But then I realize, these deals are going to save my mental load by fixing my life. Right?

Like, I never knew I needed an Instant Pot until you told me it was only $58. Now I am scouring Pinterest for meals I want to prep in my own. THIS POT IS THE TICKET TO GETTING MY LIFE IN ORDER.

Do we need more plates and cups for the kids? I mean really they only probably need about two plates and two cups each but YES. Yes I do need more cute kids kitchenware. THESE PLATES ARE THE TICKET TO BEING A GOOD MOM.

What would I do if I had five Echo Dots? I don't know, but let's find out because they're only $29! THESE DOTS ARE THE TICKET TO EFFICIENCY.

If I order a Vitamix at 30% off, I know I'll lose the baby weight. Think of all the smoothies I'll mix up! I mean, I just lost a pound even thinking about the smoothies that thing can whip up. THIS VITAMIX IS THE TICKET TO A SEXY BOD.

Buying this trendy, floral dress will step up my mom style significantly. THIS DRESS IS THE TICKET TO KEEPING MY COOL.

Okay, then after I add all the fixers to my cart, I realize… I have 99 things, but necessity ain't one.

I mean, I have everything from waterproof band-aids to bras to dresses for myself and my kids to an alarm clock and books. I basically feel like Oprah—You get an Audible subscription! You get an Audible subscription!—but instead of these products magically being paid for by Queen O herself, the money is coming from my bank account, which is a lot less fun of a game, TBH.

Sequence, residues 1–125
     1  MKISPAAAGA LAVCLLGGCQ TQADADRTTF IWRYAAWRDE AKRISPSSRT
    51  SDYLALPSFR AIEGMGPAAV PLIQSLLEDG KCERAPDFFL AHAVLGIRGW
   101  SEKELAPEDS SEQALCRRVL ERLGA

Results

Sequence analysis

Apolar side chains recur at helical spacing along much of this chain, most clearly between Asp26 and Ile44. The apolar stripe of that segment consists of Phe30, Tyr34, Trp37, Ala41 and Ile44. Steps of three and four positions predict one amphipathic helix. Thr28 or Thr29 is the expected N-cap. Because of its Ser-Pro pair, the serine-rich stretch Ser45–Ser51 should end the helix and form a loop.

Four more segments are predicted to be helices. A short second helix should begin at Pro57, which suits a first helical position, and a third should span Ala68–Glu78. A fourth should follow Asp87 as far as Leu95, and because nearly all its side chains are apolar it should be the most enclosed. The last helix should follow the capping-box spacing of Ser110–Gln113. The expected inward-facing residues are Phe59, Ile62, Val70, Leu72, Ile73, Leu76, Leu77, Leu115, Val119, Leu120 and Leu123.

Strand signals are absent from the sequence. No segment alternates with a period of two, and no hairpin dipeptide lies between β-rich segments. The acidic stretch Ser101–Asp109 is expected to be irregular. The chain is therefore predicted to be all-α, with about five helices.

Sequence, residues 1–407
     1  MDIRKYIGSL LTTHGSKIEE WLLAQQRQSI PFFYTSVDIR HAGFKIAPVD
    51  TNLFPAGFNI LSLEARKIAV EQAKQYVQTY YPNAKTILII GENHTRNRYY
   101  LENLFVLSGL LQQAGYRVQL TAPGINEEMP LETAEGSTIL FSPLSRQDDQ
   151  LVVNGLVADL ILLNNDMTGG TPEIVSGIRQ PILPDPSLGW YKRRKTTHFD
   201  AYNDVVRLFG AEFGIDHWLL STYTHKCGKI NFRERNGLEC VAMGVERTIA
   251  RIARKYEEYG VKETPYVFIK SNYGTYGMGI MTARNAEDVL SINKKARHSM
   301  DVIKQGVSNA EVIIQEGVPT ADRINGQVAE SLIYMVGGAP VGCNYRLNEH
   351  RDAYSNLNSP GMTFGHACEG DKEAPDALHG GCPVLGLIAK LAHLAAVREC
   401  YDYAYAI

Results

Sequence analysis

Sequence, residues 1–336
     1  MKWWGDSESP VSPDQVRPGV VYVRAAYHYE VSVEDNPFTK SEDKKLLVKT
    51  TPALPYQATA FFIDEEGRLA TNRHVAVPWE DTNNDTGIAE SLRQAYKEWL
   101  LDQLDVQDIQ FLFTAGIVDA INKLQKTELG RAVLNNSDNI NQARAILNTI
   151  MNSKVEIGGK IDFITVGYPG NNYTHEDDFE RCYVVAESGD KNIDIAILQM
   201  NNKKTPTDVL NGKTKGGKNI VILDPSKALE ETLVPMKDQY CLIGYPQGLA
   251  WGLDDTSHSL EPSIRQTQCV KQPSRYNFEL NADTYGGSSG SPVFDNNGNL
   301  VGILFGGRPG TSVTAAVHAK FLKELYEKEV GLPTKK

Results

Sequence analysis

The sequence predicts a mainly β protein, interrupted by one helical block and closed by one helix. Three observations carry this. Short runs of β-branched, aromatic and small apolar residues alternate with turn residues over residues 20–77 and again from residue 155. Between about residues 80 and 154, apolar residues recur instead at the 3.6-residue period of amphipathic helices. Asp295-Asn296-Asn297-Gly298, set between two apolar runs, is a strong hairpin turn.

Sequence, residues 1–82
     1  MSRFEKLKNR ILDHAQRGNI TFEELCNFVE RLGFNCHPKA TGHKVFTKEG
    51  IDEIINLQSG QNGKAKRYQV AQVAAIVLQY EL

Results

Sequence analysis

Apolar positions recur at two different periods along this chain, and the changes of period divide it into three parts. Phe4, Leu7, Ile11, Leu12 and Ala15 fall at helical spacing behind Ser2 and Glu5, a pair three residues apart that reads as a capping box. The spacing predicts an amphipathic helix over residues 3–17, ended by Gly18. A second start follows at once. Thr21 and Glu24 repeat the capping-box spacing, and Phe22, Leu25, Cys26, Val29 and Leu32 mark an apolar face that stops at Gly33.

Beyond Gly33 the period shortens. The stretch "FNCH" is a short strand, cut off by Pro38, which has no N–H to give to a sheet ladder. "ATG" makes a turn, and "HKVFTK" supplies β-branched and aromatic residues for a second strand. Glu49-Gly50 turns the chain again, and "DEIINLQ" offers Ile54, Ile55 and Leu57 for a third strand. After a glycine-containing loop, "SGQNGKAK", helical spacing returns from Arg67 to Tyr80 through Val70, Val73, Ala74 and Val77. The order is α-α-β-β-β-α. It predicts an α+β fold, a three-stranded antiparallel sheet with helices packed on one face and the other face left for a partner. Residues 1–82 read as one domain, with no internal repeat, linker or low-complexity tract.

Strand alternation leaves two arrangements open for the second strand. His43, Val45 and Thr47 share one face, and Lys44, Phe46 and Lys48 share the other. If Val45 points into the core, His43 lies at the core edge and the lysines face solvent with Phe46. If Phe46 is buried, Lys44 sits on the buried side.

And if I am being honest, I don't need much help with my order-things-from-Amazon-and-pretend-it's-being-paid-for-with-Monopoly-money game as I am quite often coming home to an Amazon package wondering what it could be, opening it with the enthusiasm of a kid on Christmas morning—even though I am the exact person who ordered whatever is inside of that Amazon box.

But today, on Amazon Prime Day, you tempt me with all the deals. And yes, my anxiety, blood pressure and adrenaline rise. And yes, my bank account might temporarily decrease—BUT if we are being fair, with the savings I'm getting on things I would buy anyway, I am basically making our account increase overall. Right?

And while these things aren't going to make me skinnier, or cooler, or more put together—I'm okay with that. I am doing a pretty good job on my own. But some of them will actually help my life in a few different ways at a reasonable price, and I am grateful for that—for real.

Now, Bezos, please end this 404 error nonsense and let me purchase all the things!

Thank you for all the savings and excitement,

Mamas everywhere